Retiring Women: A Real Anxiety The sad fact is that, for many women, retirement won't be rosy. Here's what you can do to help.
August 1, 2004
Recently, several women clients in their late 50s and early 60s have come to me expressing a high degree of anxiety. They would like to retire, but when we sit down and look at their finances, we often find they cannot afford to retire for many years. They will be working until they are in their early 70s. Even then, they will need to reduce their standard of living.
These women's anxieties are based in reality: They do not have enough to take care of themselves in their later years. The facts make the case.
* Women earn less and save less for retirement than men. As recently as 2002, women's earnings were only 78 percent of men's. Although the earnings gap is narrowing, women simply have less extra money in their cash flow to save for retirement. A 1996 survey of women found that more than 58 percent of female baby boomers had less than $10,000 saved in some form of retirement savings. A survey commissioned by Scudder Kemper Investments found that women accumulate about half what men do in their retirement plans.
* Women work less than men. Because of family responsibilities, women are out of the work force more often than men. The Department of Labor notes that more women (76 percent) than men (45 percent) take advantage of the Family Medical Leave Act. As a result, they have less time to accumulate money for retirement.
* Women are less likely to receive a pension. Whereas 33 percent of older men receive funds from private pensions, only 13 percent of older women do. For current workers, 49 percent of men versus 22 percent of women are covered by pensions. And women who are collecting pensions receive about half of what men do.
* Women tend to plan less. A 1997 study sponsored by Dreyfus and the National Center for Women and Retirement Research found that women face more barriers to retirement planning than men. Women's retirement planning is hindered because of lack of money (53 percent), lack of knowledge about investing (48 percent), and lack of time (45 percent). Nearly 70 percent of women say they have no idea how much money they will need for retirement. When women do invest, they are often more conservative taking less risk and, therefore, realizing a lower rate of return than male investors.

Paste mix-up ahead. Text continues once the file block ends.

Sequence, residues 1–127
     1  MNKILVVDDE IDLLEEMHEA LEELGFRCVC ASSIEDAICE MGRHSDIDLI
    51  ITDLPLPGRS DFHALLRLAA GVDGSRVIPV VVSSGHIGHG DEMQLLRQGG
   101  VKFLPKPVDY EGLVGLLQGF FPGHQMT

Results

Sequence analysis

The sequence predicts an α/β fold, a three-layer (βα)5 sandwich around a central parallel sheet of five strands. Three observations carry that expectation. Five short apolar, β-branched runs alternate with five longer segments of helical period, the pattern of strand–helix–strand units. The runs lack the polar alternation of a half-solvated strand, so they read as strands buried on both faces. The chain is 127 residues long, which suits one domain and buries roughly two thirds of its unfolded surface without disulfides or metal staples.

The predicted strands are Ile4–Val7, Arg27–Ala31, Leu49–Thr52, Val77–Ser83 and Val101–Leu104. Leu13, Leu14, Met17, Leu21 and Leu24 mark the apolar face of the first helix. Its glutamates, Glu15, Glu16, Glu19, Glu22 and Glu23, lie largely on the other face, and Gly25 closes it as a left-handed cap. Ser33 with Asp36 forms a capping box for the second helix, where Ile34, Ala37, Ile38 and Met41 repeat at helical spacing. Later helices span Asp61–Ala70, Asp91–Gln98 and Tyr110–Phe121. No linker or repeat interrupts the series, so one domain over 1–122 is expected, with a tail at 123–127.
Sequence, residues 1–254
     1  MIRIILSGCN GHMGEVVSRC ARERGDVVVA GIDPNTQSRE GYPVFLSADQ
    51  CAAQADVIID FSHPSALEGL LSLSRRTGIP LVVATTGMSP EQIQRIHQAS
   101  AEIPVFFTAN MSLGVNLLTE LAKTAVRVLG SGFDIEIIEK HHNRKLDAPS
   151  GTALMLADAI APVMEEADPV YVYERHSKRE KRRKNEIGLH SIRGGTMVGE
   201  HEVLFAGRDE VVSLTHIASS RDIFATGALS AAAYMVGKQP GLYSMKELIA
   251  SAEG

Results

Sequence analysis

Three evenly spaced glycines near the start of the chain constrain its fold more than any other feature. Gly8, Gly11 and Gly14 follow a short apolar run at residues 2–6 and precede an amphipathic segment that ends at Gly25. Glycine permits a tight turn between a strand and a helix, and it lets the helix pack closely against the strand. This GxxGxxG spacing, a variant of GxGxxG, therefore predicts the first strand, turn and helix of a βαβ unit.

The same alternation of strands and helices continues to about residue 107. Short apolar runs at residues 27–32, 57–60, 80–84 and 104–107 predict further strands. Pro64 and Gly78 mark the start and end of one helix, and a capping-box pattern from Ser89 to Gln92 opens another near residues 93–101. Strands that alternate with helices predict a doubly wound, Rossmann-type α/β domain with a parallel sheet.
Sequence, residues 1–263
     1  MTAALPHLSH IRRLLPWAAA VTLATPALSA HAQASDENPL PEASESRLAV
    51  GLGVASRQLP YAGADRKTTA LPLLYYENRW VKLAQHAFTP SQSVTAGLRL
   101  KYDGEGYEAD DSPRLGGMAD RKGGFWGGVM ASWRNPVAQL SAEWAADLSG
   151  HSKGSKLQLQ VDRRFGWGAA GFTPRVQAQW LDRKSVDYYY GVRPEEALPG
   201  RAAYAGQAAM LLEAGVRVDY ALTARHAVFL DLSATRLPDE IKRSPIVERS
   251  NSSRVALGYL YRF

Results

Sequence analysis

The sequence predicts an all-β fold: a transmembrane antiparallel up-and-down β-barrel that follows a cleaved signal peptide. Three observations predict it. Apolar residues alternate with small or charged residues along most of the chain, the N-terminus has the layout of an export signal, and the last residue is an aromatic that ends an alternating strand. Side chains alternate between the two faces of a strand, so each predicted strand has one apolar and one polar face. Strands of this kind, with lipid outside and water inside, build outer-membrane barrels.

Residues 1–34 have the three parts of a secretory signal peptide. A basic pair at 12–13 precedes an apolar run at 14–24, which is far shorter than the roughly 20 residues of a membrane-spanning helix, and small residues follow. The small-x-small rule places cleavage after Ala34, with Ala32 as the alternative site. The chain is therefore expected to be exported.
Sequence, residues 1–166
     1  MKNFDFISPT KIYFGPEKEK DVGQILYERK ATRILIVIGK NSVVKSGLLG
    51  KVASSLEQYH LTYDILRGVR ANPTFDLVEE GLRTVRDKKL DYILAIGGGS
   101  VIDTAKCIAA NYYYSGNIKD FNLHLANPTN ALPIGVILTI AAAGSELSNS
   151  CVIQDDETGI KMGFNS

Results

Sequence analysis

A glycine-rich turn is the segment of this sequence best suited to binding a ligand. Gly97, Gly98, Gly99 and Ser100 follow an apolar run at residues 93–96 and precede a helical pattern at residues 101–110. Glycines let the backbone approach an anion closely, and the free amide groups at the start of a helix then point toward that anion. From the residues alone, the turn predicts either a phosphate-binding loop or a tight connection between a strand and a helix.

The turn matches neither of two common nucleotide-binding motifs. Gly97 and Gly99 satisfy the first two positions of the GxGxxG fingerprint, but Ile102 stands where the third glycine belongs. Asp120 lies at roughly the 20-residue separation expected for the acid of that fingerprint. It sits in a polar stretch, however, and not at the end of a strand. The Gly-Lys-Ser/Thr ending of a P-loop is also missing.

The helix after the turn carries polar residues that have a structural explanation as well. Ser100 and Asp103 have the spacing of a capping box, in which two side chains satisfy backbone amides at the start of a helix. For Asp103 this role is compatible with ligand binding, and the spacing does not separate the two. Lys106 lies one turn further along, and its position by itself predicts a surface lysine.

* Women have greater need. Because women live longer than men (an average seven years) and are generally healthier, their financial needs in retirement typically are greater than those of men. What's more, elderly women are three times more likely to be widowed than men. Divorcees often are even worse off than widows or single women, because they may be saddled with an expensive home that they received in lieu of a portion of their ex-husband's pension or other retirement savings.
What do all these statistics have to do with your clients? Hopefully, the information can make us more sensitive and more effective financial advisors. Our job is to validate the reality of many women investors and help them learn strategies for getting by financially.
We need to support them in looking closely at their expenses and, if necessary, in making difficult life-style choices. Clients who are anxious about running out of money often have a lower risk tolerance. We may need to spend time educating our less wealthy retirees about the need to invest for the long term. As our clients struggle to get past their fears, we may find ourselves repeatedly explaining investment strategies and teaching the importance of diversification. Most of all, we need to be available to these clients. Our patience and our support create a safety net for our older women clients.
Sharon Rich, Ed.D, is president of WOMONEY (Sharon.firstname.lastname@example.org), a fee-only financial planning firm in the Boston area that focuses on the needs of women and their families..
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